In a report released Monday, the Urban Land Institute highlighted the need for more two and three-bedroom rentals to meet the growing demand of families.

As multi-family and single-family rentals accelerate in growth, the Urban Land Institute is asking developers to remember one thing: families.

According to a ULI report released on Monday, the majority of multi-family and single-family rentals in the United States are marketed to young, single professionals who only need one or two bedrooms. However, ULI said developers are forgetting 13.5 million family renters who need at least three bedrooms to meet their needs.

“Families comprise one-third of the entire renter pool in the United States, where they represent more than 13.5 million households,” the report read. “That figure is more than three times larger than the number of single millennial renters in the country, and it is greater than the populations of both New York City and Los Angeles, combined.”

“Given this magnitude, families play an important role in the rental housing market, even if current development patterns might mask their collective influence,” it continued.

As for-sale housing prices rise, ULI said the need for affordable, family-oriented rentals will only grow stronger over the upcoming decade. To meet demand, ULI noted developers must invest in suburban and urban multi-family, single-family, and townhome rental developments in areas with quick access to schools and other family-friendly amenities.

“Together, declining homeowner rates and rising housing costs are spurring a need for—and a business opportunity to build—new and interesting forms of rental housing that target a broader range of households, including many families,” the report read.

Out of all rental housing types, single-family rentals are the most popular amongst families with 47 percent currently living in single-family attached or detached homes. However, ULI said, developers are building the majority of their single-family stock with the intention to sell.

“This difference suggests that suburban settings—as well as the schools, amenities, and lifestyles that they offer—continue to attract many family renter households, much like family owner households,” the report explained. “Even so, very few homebuilders are delivering single-family homes with the intention of renting them.”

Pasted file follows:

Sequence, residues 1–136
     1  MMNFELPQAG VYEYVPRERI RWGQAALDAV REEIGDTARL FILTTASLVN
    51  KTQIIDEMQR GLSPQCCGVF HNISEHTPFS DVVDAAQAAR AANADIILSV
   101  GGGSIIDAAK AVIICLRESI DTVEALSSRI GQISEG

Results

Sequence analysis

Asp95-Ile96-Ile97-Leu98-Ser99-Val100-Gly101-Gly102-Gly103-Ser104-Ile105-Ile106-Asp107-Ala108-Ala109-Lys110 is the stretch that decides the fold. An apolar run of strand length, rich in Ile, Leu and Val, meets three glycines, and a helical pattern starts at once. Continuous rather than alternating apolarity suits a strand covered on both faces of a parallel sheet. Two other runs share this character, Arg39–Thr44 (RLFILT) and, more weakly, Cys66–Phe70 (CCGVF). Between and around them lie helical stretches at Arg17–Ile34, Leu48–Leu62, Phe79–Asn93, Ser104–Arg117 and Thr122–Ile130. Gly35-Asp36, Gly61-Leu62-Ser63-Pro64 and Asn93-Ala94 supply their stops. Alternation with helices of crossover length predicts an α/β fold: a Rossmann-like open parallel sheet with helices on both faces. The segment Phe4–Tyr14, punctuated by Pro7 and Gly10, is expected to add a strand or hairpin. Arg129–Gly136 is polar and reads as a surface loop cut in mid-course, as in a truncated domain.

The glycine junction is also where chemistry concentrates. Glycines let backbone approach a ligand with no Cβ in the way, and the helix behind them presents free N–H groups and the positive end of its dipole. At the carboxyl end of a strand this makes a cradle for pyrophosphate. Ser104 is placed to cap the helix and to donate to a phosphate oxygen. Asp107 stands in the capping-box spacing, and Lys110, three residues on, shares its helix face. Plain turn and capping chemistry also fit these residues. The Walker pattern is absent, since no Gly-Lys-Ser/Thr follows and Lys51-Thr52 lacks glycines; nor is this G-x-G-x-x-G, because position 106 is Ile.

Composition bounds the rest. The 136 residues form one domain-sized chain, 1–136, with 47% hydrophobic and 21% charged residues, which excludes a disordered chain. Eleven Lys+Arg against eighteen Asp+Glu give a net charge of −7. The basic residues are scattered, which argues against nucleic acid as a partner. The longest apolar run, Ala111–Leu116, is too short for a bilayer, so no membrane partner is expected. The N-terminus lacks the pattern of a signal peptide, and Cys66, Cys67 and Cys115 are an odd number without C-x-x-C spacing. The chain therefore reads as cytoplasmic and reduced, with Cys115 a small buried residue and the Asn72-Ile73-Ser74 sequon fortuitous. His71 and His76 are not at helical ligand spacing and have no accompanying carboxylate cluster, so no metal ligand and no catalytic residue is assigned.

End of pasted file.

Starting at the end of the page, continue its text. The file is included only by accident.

“Although limited data exist on purpose-built single-family rental housing, anecdotal evidence suggests that this product represents a very small share of the broader single-family housing,” it added.

The overwhelming focus on for-sale stock could be a mistake, ULI said, as 58 percent of renter households make under $50,000 per year, meaning they’re unlikely to be in the financial position to purchase a home anytime soon or ever. Beyond finances, the makeup of American families is rapidly changing.

“In the United States, more than half (58 percent) of divorced, widowed, separated, and unmarried families live in rental housing, compared with just over a quarter (26 percent) of all married families,” the report explained. “This statistic suggests that many families decide to rent because of major life changes or for other personal reasons.”

“For example, single-parent households often have lower incomes than two-parent households, which tend to be more economically stable and better equipped to purchase their own homes as a result,” it continued. “Perhaps for these reasons, nearly four-fifths (79 percent) of families that own their homes are married, compared with a minority (47 percent) of families that rent them.”

Looking forward, ULI said developers must prepare for demographic housing changes, which includes Baby Boomers deciding to downsize, millennials deciding to hold off on homeownership, and multiple generations deciding to live together for financial reasons.

“Similar to demographic trends, housing preferences are shifting in a way that is supportive of family-oriented rental development,” the report read. “Together, declining homeowner rates and rising housing costs are spurring a need for new and interesting forms of rental housing, targeted toward a broader range of households.”

In order to increase housing options for families, ULI noted a need for more and better market data on family renters, a more accurate narrative about family housing and the investment risks associated with it, and more developers willing to expand their focus.

Furthermore, ULI said outdated zoning regulations must be revised to offer incentives for affordable housing developers and speed the building process.

“Entitlement, zoning, and other regulatory conditions also limit the amount of family-oriented rental housing development, as well as the locations in which it is able to occur,” the report said. “This dynamic suggests that, even if developers decide to pursue this opportunity, they might encounter regulatory obstacles that prevent them from doing so.”

“Multifamily development faces a number of regulatory obstacles, especially in high-end suburban communities where elected officials and local residents are often hesitant to welcome density,” the report added. “Today, single-family zoning is very common, even in communities that would otherwise be attractive for family-oriented rental housing development.”

Read the full report below:

Email Marian McPherson

 

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